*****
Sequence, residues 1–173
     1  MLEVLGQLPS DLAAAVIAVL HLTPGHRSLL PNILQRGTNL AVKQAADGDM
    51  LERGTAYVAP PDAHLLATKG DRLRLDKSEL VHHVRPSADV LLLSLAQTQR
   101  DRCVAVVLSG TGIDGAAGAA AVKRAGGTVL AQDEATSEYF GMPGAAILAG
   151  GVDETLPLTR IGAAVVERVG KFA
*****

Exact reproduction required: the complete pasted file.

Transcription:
Sequence, residues 1–173
     1  MLEVLGQLPS DLAAAVIAVL HLTPGHRSLL PNILQRGTNL AVKQAADGDM
    51  LERGTAYVAP PDAHLLATKG DRLRLDKSEL VHHVRPSADV LLLSLAQTQR
   101  DRCVAVVLSG TGIDGAAGAA AVKRAGGTVL AQDEATSEYF GMPGAAILAG
   151  GVDETLPLTR IGAAVVERVG KFA